Strategy: Mobile UC
Into the Fold: Mobile Unified Communications Within Reach
The ongoing, if plodding, adoption of unified communications (UC) and the increased employee mobility enabled by smartphones have been headliner trends over the past year. In our most recent InformationWeek Analytics Unified Computing Survey, 61% of more than 400 business technology professionals said they were currently deploying, or planning to deploy, UC. Most cited improved employee collaboration and efficiency as the top drivers. Meanwhile, in our Mobile Device Management and Security Survey, 87% of more than 300 respondents said that smartphone usage would grow in their shops; just 8% said they’d be buying more desktops. On their own, both UC and mobilization have the potential to improve communications. Users want the same capabilities on their smartphones and tablets as they have on their desk phones and laptops, and why not? Bring everything together, and you could transform the way you do business.
Unfortunately, early attempts at mobile UC have failed to gain traction. While the UC keynote at every conference we attend lauds the importance of mobility, when you get down to the show floor, just try finding people with mobile UC applications on their phones. Allan Sulkin of market analyst TEQConsult Group estimates that fewer than 10% of IP PBX station users implement the associated mobile UC application. Most other industry usage estimates are even lower. The result: Organizations are pursuing these two critical initiatives independently, on parallel tracks. There are two primary reasons for this. First, adoption of UC has been slow and haphazard; our survey respondents blame this on everything from a lack of employee engagement to stagnant budgets to aging infrastructures that limit IT’s ability to guarantee QoS. And, there’s a stunning lack of integration between mobility and almost everything else that goes on in IT. Smartphones are everywhere, but we’re behind on security and management, not just UC.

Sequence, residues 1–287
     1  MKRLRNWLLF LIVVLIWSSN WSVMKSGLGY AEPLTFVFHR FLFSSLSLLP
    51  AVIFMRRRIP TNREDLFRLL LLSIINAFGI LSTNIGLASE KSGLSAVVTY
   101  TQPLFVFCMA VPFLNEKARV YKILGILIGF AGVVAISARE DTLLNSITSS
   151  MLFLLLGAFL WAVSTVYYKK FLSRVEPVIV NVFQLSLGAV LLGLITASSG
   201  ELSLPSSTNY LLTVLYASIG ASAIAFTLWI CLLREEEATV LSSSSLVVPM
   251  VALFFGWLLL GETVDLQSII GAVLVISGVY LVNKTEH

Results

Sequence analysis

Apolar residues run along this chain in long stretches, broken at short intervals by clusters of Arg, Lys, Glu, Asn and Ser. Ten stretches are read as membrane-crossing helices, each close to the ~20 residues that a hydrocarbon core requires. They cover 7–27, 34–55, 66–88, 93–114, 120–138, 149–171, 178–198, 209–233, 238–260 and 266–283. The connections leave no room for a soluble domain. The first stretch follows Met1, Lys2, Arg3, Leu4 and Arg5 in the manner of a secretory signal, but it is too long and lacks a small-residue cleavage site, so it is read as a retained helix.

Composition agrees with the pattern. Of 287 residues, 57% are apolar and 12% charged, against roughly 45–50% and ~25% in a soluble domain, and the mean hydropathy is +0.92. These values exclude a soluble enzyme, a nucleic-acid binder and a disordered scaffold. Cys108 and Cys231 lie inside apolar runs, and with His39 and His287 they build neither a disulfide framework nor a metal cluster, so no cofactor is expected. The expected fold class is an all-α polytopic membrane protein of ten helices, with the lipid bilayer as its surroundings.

Vendors are making some advances, as we’ll discuss. One thing to note: Mobile UC evolved out of the concept of fixed/mobile convergence. FMC aimed to integrate mobile network services with the wired environment. When the term “FMC” was coined, the only mobile service that really mattered was voice. As a result, the focus was on delivering office calls to a user’s mobile device. As the voice market evolved into UC systems that look at voice as simply one of several communications modes to be integrated, the term “mobile UC” replaced FMC. If you see “FMC” referenced in vendor material, it’s a good indication that the provider’s ideas about communications have not yet progressed to include mobile UC.
Now that budgets are loosening, consider devoting some time and energy to bringing mobile devices into the UC fold. That’s the only way to deliver full productivity benefits. Here’s how. (S2530311)